SaaS and the global virtual stack

SaaS isn't just a deployment option. It's part of a bigger picture that will obsolete conventionally licensed packaged business applications and change the entire framework of how businesses consume computing. Here's what that bigger picture looks like.
Written by Phil Wainewright, Contributor

When people argue that SaaS is just another deployment option for software, they really are missing the bigger picture. It's as hopeless as a carriage-builder in the early 20th century saying that using motors instead of horses is just another locomotion option for carriages. It ignores the wider revolution that's going to transform the way software gets used, just as the internal combustion egine revolutionized the way people moved themselves and their goods about.

The bigger picture is this: the entire framework of how businesses consume computing and thus automate their information and communication processes is moving to a services model that runs on the global Web infrastructure. Within that software stack, SaaS is a component. But not as an alternative to conventional on-premise packaged software. I don't believe that conventionally licensed packaged business applications will feature in the stack at all. Here's why.

First of all, let's define the stack. The diagram below is based on a slide I recently presented at an Oracle SaaS seminar for ISV partners.

The stack specifically addresses the issues that SaaS providers need to be aware of, but there's nothing in here that shouldn't be in the architecture of any enterprise doing business in the Web era — more on that point after a quick run-through of the five layers in the stack, working from the bottom up.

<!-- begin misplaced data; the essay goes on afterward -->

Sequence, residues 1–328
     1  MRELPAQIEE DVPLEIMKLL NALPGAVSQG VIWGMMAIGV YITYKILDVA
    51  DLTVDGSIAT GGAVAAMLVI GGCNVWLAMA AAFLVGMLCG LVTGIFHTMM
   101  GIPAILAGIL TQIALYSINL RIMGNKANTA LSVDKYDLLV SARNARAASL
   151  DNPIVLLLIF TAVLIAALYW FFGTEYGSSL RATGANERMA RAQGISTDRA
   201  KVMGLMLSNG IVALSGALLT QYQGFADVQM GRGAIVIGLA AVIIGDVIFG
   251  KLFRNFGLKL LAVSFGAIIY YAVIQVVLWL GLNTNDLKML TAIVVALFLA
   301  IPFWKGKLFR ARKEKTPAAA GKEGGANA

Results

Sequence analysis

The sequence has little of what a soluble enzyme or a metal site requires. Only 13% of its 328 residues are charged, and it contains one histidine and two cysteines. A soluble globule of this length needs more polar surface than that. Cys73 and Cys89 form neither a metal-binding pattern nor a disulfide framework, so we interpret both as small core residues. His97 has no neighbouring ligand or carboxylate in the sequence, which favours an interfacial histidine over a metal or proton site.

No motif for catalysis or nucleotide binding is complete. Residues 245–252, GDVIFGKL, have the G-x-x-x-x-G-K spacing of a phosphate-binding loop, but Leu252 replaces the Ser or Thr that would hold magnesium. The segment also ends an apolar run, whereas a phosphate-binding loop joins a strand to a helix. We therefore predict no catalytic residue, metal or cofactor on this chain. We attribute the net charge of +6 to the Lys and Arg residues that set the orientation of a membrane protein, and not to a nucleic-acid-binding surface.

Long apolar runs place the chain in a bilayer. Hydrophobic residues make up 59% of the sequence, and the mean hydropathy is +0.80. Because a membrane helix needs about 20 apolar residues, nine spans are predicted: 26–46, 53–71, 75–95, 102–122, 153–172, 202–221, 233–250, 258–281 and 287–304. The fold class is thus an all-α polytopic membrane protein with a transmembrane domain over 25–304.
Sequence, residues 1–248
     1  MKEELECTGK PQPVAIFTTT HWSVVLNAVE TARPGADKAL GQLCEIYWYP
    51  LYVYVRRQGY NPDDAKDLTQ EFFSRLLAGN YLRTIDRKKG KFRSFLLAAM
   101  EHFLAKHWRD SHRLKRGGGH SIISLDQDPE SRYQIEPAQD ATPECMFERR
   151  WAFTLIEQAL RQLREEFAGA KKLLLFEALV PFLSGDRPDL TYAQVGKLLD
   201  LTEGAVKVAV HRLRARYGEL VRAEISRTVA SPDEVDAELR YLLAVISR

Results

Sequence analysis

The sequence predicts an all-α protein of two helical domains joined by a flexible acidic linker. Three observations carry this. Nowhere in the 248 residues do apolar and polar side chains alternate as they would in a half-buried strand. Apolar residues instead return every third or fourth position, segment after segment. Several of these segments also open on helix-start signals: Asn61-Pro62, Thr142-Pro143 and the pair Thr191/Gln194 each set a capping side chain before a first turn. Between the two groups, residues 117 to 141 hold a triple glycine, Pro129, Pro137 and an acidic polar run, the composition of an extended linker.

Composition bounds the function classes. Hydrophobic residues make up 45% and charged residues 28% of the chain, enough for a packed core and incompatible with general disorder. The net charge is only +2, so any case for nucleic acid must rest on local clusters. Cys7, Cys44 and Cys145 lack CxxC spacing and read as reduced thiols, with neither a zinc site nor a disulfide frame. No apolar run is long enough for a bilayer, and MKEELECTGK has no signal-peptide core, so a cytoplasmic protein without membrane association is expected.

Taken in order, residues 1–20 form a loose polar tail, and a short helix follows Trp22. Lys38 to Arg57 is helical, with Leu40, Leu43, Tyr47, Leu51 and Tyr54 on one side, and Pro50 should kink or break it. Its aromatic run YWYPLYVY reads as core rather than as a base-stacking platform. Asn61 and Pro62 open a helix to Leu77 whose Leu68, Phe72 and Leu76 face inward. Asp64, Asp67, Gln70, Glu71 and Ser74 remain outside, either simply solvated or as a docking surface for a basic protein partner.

• Hosted infrastructure forms the foundation layer. This is the physical server and operating system infrastructure that supports the whole stack. In the classic SaaS model, it's hosted at the provider's data center. Today, the emergence of virtualization technology means it could be anywhere — perhaps the SaaS provider is using a cloud computing platform like Amazon EC2, Joyent or Mosso, or perhaps the infrastructure is the customer's own (though probably based at a co-location center). The crucial conceptual leap to make here is that the infrastructure is in the cloud, no matter where it's physically located.
  • System services form the next layer. This is a vitally important layer for a SaaS provider, because it contains all the resources that govern service delivery management — security, authentication and identity, provisioning, performance management, monitoring and reporting on service levels, revenue management and customer services. In a continuous-service, subscription-billed environment, these resources are mission-critical, and form a key part of the 'SaaS platform' (as I'll be discussing tomorrow in a panel session at the SaaS Summit in San Francisco — see disclosure). But any enterprise that's moving its IT infrastructure to a service-oriented architecture is going to look for their stack to contain many of the same resources, so although SaaS provides a commercial imperative for having this layer, it's an increasingly ubiquitous requirement.
  • Service aggregation is the middle of the five tiers. Whereas the first two layers form the architecture for service delivery, the next three form the architecture for service consumption. Service aggregation is where the data sources are blended — what used to be called integration in the pre-services era, and is now often known as mashups. But at this layer, these are raw, API-level resources. The next layer is where they are made fit for consumption by end users.